Uncorked: What’s the difference between new and old world wine?

The distinction between ‘new’ and ‘old’ isn’t just a matter of geography  (Getty/iStock)
The distinction between ‘new’ and ‘old’ isn’t just a matter of geography (Getty/iStock)

When it comes to wine, there are so many different terms thrown around that it’s easy to feel overwhelmed.

Two of the most common are “old world” and “new world”, but the distinction between the two isn’t just defined by geography.

Our gurus at the Independent Wine Club take us on a journey to fully understand the regions, their winemaking history and how to tell the difference.

Q. How can I tell new from old world wine?

A. The terms old world and new world have been knocking about for a while now – let me break them down a little bit so we can better understand them and in turn, the wine. The difference between the two is more than their regionality, though it’s a good place to start.

Old world wines come from traditional wine-growing regions that are generally (though not exclusively) in Europe. They are the countries that you immediately think of when someone says “wine”: France, Italy, Spain, Germany, Portugal. However, The old world also includes names that you might not immediately think of (but I urge you to explore) – countries that have winemaking dating back to the ancient world – Greece, Lebanon, Israel, Georgia and Armenia.

New world wines, therefore, are the other winemaking countries of the world – the label encompasses all the regions whose pioneers have evolved and adapted old world winemaking practices into their cultures and created the industry in frontiers that had been previously overlooked. Argentina, Australia, Chile, New Zealand, Australia, the US and South Africa, to name the most famous, are new world wine regions and they have forged permanent residency in the catalogue of great wine regions of the world.

South of the equator, winemaking may not have had as long a history but it is building a sensational future. New world vineyards often enjoy a consistently warmer climate (although not always – as a new wave of cooler, often mountainous, high altitude vineyards demand attention), which means the grapes achieve greater ripeness, resulting in full-bodied wines with higher alcohol and bold, sweet fruit flavours, and are subject to less extreme vintage variation. The winemaking has been exacted after years of inspiration and assessment of the old world’s ways, being improved to better represent local conditions.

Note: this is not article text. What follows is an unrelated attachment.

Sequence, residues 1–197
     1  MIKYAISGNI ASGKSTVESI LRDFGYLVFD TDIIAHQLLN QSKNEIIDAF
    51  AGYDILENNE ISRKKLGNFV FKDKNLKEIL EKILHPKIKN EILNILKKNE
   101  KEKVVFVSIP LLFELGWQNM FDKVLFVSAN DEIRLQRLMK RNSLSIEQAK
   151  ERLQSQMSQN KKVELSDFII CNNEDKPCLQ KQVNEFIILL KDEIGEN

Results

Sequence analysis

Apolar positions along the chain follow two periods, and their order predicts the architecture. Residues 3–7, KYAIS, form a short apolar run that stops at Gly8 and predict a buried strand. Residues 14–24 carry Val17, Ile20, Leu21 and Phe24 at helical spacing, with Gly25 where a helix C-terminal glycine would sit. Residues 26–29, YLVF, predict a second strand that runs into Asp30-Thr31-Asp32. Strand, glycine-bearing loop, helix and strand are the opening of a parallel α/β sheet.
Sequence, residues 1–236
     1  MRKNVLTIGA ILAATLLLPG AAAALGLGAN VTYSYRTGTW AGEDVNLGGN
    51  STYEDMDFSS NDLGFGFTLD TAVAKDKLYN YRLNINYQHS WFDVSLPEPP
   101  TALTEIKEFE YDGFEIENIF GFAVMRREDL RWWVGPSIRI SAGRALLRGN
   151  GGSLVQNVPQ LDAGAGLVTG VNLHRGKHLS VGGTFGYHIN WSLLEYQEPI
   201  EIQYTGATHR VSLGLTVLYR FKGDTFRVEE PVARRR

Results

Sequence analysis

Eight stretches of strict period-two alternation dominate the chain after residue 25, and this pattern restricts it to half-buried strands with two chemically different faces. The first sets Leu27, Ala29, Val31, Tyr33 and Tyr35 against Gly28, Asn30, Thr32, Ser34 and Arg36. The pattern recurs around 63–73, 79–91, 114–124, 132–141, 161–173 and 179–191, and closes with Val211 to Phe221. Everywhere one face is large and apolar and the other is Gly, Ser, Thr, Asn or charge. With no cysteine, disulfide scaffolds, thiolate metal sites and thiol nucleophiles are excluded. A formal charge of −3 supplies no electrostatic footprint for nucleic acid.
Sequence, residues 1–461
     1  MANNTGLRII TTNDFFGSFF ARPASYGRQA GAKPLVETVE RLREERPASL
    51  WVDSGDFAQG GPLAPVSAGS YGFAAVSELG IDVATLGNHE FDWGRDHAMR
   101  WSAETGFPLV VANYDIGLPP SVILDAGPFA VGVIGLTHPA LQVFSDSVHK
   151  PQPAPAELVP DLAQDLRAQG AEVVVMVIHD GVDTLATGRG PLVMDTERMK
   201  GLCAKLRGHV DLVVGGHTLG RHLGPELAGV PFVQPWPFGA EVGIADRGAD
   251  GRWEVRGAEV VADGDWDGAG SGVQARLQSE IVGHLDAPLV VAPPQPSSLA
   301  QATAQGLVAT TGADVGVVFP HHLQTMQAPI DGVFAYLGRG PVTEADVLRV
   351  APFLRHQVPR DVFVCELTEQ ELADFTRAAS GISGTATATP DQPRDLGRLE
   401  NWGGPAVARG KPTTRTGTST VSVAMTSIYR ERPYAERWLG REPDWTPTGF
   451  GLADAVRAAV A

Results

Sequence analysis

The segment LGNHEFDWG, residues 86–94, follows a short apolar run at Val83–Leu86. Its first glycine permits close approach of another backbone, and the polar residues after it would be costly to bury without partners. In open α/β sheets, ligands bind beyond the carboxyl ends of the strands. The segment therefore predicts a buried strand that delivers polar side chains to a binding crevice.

One of the most exciting aspects of new world wines is the experimental nature of many winemakers. Without the same constraints of centuries-old traditions, and suffocating regulations, they are freer to try new techniques and create unique wines that help ensure a hush of expectation each year. It is certainly a thrilling prospect to have so many new wines appearing from across the globe each year, and a number now establishing themselves as future icons.

So, to finally answer the question of how to tell new from old, I would say – taste! There are differences and contrasts and they are to be celebrated – and the very best way to do that is by enjoying them. Our newest Independent Wine Club case is an excellent place to start with six brilliant varieties that showcase the range, excellence and expertise of wines from the new world.

To learn more about Independent Wine Club and catch the latest cases before they sell out, sign up here.

Got a question for the wine gurus? Send it to hannah.twiggs1@independent.co.uk or tweet @hannah_twiggs.